By Tim Hayes


You’ve heard of these books.  “All I Really Needed to Know I Learned in Kindergarten.”  “The Seven Habits of Highly Successful People.”  “Good to Great.”  A stroll down the self-help aisle at any chain bookstore offers scores of similar titles.


But I’ve found some of the greatest tips not in the pages of a book, but on a treasured set of DVDs – the entire “Seinfeld” collection.  And it’s my pleasure to share some of those pointers, especially as they pertain to making successful public presentations.


First, there’s the instance of the “low talker,” Kramer’s fashion designer date, who got Jerry to agree to wear the “puffy shirt” on the Today Show.  Only problem was, she spoke so softly that Jerry and Elaine really didn’t hear her make the request, so they just nodded in the affirmative so as to not appear rude. 


Lesson learned for anyone speaking to a group?  Open your mouth!  Make your jaw go wide.  Stretch your facial muscles before you get up to speak.  And while you’re making your presentation, keep the flow of air wide and open from your diaphragm and out past your teeth.  The audience is there to hear you, so you are obligated to honor that expectation.


Then there’s the “close talker,” Elaine’s friend who would stand uncomfortably close to anyone with whom he was speaking.  I call this the “Wanting It Too Much” syndrome for speakers who like to escape from the podium and prowl into an audience.  An eagerness to connect on a personal level is great, but bursting through people’s individual bubble space actually has the opposite effect and repels those you’re trying to embrace.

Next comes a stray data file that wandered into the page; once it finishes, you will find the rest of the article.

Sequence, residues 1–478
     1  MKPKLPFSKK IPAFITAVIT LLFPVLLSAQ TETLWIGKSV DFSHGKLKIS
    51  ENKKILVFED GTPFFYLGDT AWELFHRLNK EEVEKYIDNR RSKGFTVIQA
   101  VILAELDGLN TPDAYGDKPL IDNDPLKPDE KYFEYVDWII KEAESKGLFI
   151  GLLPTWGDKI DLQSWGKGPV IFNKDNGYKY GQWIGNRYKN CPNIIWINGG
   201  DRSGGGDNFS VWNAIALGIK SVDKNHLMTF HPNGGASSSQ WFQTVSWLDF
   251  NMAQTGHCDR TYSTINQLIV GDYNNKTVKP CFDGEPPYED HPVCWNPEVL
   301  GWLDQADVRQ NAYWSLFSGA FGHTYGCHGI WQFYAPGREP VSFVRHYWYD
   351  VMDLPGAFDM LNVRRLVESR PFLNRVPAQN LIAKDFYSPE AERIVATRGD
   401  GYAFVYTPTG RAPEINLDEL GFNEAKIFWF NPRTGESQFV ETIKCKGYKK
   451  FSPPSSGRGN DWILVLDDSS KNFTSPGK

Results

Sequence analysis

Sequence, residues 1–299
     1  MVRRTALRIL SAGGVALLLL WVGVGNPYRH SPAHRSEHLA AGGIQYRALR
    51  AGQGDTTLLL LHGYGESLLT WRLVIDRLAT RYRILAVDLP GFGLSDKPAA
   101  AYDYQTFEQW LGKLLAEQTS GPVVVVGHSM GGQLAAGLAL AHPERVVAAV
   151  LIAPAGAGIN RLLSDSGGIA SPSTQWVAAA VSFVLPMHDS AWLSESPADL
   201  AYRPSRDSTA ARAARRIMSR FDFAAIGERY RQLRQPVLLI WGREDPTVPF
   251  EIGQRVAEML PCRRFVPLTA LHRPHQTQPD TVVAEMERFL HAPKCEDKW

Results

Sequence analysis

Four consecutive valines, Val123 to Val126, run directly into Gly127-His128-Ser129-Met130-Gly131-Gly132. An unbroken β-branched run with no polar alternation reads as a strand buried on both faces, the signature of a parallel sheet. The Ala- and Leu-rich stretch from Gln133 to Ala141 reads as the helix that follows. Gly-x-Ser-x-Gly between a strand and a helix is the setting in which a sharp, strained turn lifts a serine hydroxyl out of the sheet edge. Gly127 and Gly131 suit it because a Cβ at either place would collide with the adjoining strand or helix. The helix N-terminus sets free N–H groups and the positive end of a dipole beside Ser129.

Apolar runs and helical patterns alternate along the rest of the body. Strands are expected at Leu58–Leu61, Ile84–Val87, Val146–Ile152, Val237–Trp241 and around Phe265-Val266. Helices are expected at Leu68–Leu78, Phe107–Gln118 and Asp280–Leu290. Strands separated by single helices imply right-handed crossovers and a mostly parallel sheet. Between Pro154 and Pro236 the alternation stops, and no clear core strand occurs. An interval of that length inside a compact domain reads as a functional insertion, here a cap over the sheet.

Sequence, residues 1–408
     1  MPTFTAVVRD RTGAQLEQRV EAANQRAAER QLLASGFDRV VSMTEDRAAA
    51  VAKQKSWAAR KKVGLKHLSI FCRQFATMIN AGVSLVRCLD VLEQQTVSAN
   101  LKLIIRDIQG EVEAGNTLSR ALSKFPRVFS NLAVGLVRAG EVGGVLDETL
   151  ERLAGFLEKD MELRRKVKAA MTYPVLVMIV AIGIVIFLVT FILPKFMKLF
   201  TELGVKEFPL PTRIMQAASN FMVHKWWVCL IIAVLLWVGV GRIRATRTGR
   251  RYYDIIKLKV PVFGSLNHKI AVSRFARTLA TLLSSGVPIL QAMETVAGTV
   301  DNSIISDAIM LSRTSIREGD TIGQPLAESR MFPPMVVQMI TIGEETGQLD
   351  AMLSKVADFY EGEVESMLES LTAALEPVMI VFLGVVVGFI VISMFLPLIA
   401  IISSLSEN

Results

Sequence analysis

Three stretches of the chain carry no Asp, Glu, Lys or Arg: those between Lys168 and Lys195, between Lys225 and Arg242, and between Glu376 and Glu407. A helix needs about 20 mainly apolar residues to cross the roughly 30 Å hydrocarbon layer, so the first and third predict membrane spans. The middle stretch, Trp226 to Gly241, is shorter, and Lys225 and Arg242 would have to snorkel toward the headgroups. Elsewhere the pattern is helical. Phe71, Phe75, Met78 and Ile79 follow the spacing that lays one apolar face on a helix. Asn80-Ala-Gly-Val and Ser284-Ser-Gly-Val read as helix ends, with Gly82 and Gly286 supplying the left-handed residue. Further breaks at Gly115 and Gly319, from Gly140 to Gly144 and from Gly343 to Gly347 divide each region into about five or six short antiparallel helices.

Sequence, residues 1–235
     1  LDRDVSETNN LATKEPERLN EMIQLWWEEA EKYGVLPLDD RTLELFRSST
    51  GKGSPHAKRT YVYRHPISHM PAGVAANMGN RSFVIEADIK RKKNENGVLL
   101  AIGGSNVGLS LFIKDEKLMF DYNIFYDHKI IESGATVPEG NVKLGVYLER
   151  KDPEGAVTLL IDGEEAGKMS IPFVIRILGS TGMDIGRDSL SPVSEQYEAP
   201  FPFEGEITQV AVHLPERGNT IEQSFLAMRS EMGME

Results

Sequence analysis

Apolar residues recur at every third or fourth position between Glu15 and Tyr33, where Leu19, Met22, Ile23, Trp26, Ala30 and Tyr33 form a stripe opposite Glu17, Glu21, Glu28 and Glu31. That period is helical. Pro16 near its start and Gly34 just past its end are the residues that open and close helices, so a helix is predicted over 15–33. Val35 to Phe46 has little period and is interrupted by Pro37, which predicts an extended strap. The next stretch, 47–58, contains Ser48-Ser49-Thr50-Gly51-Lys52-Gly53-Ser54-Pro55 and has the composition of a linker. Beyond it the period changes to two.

Lesson learned?  Use vocal inflections, warm eye contact, and genuine gestures to engage the audience.  Again, they’re eager to connect with you too.  They just don’t want to go steady on the first date, so attempting a physical closeness is uncomfortable, unnatural, and unnecessary. 


And lastly comes Kramer’s big break when he’s cast in a Woody Allen movie being filmed in Manhattan.  As he tries to find just the right delivery for his single line of dialogue, “These pretzels are making me thirsty,” this simple statement gets repeated by virtually everyone in the episode in different contexts, with wildly varying intonations and meanings.


Lesson learned?  A well-crafted presentation has intentional phrasing, pauses, passages meant to be spoken softly, verbal crescendos leading to major payoff declarations, and many more verbal cues.  The great speakers look for these opportunities to maximize the impact of their delivery for their audiences, and rehearse ahead of time to find just the right blend of information, entertainment, humor, and drama.


Now, if you’ll excuse me, I need to pour myself a tall glass of iced tea.  These pretzels are making me thirsty.


Copyright 2010 Tim Hayes Consulting